Did you know that growing plants in containers can be fun and rewarding? If well done, container gardening can offer a lot of satisfaction by bringing out the expert gardener in you.
Even if you do not have a big garden or lots of sun exposure, with the right plan you can still grow healthy plants. In this article, I will share some tips on how to start a container garden.
With the help of some potting soil, containers, and understanding your plants, you can grow a beautiful garden in no time.
Avoid Plant Panic
First and foremost you need to decide what plants you want to grow at home. Do you want to grow herbs, vegetables, or fruits? Do you want to grow ornamental plants indoors or outdoors?
Make a sober decision on the kind of crops or plants you want or need BEFORE you visit the nursery.
One way of going about this is by making a list of everything that you require. You may decide to go online to see the kind of plants available before you draw up your list.
Another good source of this information is by going through plant catalogues.
We have also put together a few lists of plans you may want to grow at home
You also need to identify reputable suppliers for your crops so you are sure to get healthy plants for your garden.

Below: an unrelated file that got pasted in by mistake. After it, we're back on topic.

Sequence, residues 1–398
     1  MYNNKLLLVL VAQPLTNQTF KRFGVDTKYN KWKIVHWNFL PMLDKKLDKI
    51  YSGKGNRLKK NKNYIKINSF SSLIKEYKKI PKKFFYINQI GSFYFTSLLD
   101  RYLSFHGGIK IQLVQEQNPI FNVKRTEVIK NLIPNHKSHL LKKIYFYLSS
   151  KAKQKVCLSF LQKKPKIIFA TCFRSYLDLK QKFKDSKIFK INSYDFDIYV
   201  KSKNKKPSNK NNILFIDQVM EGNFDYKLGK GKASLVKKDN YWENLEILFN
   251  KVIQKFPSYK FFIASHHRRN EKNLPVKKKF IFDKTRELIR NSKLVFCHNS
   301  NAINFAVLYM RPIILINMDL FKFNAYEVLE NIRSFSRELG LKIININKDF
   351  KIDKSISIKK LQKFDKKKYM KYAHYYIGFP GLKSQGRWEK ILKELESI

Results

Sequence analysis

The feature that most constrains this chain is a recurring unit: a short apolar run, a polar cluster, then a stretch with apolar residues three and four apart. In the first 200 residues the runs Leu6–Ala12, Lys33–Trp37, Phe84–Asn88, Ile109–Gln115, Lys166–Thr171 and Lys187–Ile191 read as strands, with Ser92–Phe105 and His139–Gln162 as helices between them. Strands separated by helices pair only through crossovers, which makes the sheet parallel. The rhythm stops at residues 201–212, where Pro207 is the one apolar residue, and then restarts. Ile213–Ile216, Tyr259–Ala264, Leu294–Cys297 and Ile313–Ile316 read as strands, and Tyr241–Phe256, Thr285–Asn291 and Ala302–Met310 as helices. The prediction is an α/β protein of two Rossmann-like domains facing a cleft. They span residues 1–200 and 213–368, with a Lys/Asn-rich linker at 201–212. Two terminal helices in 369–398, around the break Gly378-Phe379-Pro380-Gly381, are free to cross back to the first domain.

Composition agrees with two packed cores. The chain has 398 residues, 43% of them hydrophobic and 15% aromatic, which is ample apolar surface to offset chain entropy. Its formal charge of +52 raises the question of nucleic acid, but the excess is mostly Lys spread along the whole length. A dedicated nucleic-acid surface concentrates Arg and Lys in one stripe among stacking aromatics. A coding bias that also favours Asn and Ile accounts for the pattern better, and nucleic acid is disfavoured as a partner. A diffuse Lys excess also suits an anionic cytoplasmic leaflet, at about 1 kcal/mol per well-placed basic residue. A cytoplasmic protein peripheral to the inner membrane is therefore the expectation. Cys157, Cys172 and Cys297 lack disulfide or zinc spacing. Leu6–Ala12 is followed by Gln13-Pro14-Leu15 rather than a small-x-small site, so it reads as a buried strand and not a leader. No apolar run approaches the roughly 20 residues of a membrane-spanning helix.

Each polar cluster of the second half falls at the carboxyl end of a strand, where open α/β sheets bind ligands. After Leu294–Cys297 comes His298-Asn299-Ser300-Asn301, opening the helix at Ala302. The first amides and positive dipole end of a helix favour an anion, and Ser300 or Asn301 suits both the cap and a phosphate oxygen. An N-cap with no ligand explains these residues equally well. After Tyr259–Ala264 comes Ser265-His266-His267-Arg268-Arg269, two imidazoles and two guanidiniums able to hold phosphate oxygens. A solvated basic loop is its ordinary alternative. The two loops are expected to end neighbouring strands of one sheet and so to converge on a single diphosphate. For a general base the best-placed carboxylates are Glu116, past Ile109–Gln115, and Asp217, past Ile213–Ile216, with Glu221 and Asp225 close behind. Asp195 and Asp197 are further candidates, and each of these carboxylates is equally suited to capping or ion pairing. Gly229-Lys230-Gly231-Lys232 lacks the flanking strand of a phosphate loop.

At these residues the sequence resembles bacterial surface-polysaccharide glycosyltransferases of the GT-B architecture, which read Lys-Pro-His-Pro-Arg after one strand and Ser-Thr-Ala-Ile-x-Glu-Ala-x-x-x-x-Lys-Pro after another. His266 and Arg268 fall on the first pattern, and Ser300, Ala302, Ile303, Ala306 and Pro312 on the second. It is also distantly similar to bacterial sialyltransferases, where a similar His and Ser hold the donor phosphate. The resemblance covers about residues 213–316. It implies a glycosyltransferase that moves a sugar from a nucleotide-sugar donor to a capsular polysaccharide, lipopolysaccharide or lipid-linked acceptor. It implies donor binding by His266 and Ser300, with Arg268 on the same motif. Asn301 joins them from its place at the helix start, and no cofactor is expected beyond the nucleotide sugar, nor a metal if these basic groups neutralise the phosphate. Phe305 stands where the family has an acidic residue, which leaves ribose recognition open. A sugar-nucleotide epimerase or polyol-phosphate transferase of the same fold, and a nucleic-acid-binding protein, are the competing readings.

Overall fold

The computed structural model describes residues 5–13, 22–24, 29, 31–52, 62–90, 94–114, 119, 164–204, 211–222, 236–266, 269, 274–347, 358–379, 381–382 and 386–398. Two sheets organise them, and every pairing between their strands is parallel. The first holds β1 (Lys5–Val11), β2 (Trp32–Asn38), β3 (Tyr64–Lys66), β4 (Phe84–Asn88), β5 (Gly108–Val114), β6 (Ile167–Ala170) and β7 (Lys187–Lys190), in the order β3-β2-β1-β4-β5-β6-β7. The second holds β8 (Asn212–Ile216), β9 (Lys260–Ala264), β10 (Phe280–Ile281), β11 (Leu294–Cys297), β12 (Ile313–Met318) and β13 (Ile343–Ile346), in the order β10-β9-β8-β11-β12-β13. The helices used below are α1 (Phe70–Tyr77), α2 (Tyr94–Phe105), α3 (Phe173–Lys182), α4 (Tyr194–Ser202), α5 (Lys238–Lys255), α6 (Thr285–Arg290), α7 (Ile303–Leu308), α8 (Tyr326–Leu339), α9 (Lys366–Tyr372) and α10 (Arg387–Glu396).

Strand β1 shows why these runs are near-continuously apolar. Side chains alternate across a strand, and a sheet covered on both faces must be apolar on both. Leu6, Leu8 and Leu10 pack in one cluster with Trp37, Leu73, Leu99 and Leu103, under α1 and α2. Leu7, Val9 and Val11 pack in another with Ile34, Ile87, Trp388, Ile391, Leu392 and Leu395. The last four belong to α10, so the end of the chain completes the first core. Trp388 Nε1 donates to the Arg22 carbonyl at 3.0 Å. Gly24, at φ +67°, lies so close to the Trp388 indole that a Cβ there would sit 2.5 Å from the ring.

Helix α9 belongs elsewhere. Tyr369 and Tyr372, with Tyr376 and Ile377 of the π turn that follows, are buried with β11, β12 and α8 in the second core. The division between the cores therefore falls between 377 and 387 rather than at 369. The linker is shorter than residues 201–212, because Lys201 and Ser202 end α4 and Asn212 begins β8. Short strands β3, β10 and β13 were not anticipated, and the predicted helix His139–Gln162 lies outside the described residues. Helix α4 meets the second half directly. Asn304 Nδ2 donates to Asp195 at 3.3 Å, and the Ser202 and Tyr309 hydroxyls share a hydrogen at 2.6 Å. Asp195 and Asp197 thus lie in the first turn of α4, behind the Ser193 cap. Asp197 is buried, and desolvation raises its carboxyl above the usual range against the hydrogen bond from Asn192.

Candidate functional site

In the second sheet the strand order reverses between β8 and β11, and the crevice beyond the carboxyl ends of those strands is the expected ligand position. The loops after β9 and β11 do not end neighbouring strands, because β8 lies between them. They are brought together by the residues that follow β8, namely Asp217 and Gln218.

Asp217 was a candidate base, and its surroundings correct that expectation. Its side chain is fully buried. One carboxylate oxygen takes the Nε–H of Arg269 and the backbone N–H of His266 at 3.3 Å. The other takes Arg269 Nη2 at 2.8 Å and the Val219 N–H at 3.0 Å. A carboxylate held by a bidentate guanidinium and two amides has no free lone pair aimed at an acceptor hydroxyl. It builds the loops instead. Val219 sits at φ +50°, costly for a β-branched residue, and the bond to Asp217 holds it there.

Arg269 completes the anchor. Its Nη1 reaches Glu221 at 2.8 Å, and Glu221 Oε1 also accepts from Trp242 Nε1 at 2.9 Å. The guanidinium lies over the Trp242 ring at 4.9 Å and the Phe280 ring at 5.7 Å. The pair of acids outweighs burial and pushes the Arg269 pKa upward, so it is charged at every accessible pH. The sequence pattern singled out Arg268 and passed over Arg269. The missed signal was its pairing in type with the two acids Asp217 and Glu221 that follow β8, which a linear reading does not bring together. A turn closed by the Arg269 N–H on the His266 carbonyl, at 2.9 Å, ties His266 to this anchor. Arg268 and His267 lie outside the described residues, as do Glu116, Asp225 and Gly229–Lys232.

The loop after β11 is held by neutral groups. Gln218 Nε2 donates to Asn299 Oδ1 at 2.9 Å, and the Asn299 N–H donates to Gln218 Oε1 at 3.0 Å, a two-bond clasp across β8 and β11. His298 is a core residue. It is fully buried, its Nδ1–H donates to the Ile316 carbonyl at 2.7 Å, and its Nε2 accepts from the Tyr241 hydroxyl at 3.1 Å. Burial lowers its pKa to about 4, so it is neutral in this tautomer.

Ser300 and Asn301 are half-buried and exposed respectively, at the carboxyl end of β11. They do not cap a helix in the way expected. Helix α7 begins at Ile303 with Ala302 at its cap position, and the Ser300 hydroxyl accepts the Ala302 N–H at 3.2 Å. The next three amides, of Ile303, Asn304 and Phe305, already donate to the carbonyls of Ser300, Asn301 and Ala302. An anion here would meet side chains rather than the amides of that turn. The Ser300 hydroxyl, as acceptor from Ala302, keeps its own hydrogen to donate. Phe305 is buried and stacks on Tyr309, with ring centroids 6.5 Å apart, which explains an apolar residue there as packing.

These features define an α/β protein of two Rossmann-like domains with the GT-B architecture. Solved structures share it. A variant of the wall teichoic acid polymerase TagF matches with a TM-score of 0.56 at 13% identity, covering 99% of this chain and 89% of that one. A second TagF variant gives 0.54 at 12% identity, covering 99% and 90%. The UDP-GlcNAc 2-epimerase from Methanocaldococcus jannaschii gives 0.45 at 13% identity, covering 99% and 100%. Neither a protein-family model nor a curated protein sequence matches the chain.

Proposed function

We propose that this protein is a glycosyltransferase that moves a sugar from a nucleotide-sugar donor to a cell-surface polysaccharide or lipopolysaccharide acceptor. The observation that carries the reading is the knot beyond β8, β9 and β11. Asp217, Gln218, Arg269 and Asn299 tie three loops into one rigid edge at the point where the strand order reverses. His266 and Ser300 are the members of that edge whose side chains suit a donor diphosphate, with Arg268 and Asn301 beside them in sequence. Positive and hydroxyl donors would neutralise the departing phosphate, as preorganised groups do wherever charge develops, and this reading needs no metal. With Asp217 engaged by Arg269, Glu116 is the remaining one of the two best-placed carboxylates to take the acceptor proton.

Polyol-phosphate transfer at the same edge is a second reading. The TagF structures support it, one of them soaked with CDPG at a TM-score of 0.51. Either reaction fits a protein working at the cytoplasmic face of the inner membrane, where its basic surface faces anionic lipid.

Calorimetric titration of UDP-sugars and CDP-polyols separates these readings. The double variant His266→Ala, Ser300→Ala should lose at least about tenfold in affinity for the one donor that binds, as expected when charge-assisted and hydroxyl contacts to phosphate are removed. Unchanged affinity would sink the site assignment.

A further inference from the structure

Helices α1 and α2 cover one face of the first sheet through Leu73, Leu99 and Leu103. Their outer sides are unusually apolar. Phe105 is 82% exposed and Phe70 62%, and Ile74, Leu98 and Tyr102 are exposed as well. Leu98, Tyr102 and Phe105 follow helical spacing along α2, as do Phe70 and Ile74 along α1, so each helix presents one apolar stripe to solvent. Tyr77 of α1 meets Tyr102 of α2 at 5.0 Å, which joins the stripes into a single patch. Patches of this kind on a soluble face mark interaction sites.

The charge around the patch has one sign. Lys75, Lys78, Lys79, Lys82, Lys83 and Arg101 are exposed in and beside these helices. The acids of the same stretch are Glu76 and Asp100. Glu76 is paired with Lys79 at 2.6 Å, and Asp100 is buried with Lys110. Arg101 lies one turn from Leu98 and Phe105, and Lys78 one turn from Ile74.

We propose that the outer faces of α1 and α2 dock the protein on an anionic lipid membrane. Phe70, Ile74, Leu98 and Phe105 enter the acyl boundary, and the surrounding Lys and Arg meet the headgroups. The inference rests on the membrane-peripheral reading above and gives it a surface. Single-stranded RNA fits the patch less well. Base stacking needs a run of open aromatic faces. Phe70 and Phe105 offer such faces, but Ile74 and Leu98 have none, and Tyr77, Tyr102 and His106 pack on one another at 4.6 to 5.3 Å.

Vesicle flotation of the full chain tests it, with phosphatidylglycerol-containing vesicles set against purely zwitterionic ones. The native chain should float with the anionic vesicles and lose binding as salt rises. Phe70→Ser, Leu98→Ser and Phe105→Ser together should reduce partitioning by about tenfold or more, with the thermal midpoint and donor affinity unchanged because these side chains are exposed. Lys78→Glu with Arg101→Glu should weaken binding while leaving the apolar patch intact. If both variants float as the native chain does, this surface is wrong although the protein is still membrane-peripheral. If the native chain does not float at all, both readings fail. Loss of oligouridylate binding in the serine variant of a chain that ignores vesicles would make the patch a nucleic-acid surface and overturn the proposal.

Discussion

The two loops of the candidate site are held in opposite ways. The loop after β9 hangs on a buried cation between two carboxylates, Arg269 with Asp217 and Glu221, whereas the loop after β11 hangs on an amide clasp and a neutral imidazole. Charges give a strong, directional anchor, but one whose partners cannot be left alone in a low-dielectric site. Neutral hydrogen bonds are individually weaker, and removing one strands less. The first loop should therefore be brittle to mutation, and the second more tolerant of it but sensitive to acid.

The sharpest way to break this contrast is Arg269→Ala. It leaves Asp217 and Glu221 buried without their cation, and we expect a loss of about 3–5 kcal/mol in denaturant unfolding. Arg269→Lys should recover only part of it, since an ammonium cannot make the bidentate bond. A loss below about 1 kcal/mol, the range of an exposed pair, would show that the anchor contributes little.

Choose A Suitable Container
Next, you need the main item for your container garden… Containers.
There are 2 things to consider when buying a container to start your garden,
- The logistics- size, drainage, and material
- Aesthetics- Will it achieve your desired ‘look’ in your backyard or patio
Invest in a container of the desired size and material.
Containers are a great choice to solve problems related to poor drainage, pests, and diseases that are borne by the soil. A well-chosen container has the added advantage of great visual appeal to your patio or backyard.
Use different coloured containers with different textures for the complete visual effect.
For a rustic recycled look, you can use an old bathtub, old barrels, paint cans, and milk jugs. These are excellent for a boho or alternative garden. Just make sure they are the right size ad can be set up with drainage.
You can also visit a local hardware or garden store to pick up some pots, bushel baskets, and planter boxes if you want a traditional or modern container garden.
Whether you are choosing to recycle old items as containers or buying new good quality ones, always be on the lookout for rust, mould, and cracks. These can impact the soil quality and balance of chemicals.
Use The Right Potting Medium
The soil in our backyards varies from suburb to city to state to country. For example here in Perth, our soil is sandy with minimal nutrients so container gardening is perfect. By choosing to grow a garden in containers you have control of the quality of soil and managing it.
It is also important to know what kind of soil you need for your plants and how best to enrich them.
I highly recommend a mix of perlite potting mix and peat moss to add to your soil base. These 2 mediums will provide essential elements such as drainage, air, insulation, and improve the soil’s acidity.